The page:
Thousands of pensioners descended on British parliament to reject the government’s pension cuts on October 27.
Angry pensioners pledged to escalate the fight against the cuts by joining spirited protests up and down the land against the government’s public spending cuts.
Nearly 1000 activists from the National Pensioners Convention (NPC) converged on Westminster to protest against vicious cuts in vital services and to demand a basic state pension of at least £171 a week.
NPC general secretary Dot Gibson was cheered at a lively rally in the Methodist Central Hall as she declared: “We have to make a stand together.
“We stand together with students, school children, teachers, disabled people and trade unionists.”
She said: “We are not going back to the poverty and want of the 1930s.”
Some of the pensioners donned Prime Minister David Cameron or deputy PM Nick Clegg masks and bore placards proclaiming: “We are all in this together, but it’s still billions for the bankers and peanuts for pensioners.”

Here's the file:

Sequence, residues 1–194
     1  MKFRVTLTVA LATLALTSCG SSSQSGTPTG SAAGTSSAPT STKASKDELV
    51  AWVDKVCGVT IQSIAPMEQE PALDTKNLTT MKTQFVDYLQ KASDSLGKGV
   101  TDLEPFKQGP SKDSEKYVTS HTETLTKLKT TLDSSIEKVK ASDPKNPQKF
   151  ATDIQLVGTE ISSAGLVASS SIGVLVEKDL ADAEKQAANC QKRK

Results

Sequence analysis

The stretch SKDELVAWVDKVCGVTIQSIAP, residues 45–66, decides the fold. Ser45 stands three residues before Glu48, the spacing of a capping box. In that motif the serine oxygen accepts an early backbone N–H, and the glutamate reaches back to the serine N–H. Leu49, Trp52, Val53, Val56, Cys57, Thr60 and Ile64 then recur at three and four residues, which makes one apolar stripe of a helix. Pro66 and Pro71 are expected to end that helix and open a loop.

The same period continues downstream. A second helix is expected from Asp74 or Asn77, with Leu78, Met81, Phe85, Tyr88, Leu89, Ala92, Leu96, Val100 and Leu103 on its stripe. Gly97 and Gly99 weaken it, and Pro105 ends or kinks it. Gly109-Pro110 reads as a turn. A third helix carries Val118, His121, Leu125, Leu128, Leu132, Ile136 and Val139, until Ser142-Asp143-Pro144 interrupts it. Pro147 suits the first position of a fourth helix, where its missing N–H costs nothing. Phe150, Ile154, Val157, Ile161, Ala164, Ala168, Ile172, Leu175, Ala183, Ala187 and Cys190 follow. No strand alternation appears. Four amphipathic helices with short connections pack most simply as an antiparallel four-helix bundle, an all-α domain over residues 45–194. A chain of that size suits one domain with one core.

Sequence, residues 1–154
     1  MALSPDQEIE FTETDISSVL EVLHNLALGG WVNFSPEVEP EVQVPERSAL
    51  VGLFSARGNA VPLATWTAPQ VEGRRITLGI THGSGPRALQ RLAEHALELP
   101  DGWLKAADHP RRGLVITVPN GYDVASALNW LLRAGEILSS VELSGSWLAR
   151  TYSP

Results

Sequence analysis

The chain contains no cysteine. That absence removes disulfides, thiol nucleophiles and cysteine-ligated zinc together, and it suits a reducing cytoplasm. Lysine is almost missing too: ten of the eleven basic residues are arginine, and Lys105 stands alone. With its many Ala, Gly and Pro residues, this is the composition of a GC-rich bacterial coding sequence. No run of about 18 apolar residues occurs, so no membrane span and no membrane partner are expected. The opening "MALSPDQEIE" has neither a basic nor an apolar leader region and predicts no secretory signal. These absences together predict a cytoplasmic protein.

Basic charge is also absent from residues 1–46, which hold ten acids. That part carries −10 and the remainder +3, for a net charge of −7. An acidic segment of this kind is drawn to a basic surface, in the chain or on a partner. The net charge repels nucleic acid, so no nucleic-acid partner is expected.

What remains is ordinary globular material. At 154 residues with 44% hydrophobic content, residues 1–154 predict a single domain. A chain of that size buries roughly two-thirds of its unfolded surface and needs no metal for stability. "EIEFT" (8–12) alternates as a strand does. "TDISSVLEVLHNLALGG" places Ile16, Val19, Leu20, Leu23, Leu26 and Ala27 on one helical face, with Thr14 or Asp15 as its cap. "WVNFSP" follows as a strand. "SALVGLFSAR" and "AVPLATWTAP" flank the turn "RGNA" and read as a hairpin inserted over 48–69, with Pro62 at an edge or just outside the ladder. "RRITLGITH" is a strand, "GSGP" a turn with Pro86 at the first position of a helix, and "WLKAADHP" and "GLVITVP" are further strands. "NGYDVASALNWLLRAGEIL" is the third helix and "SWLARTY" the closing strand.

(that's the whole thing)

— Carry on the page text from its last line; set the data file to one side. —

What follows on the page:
The event took place amid a wave of scepticism over leaked reports of government plans to introduce a future pension of £140 a week for all, but only to future pensioners. NPC leaders pointed out the plan appeared to abolish the present state second pension.
Trade Union Congress president Michael Leahy, also general secretary of trade union Community, called for “the biggest, broadest and best” national anti-cuts demonstration in history on March 26.
But there were shouts from the hall of “too late!”
Public service union Unison deputy general secretary Keith Sonnett urged a powerful alliance to fight the biggest-ever cuts to the welfare state.
The meeting gave an enthusiastic welcome to Labour MP Kelvin Hopkins and Green MP Caroline Lucas.
Lucas, the British Green Party’s first parliamentarian, expressed confidence that if people united together, “we have a very very good chance of overcoming this very, very cruel government”.
Hopkins said: “This government has started a right-wing revolution which has to be reversed.”
Cheers erupted as he added: “I think we have got to take a look at the French.”
Hopkins called for a state pension of £200 per week by 2015. He said: “This is going to be a long hard fight, but in the end we are going to have to defeat this government, and defeat it we will.”
[Abridged from www.morningstaronline.co.uk .]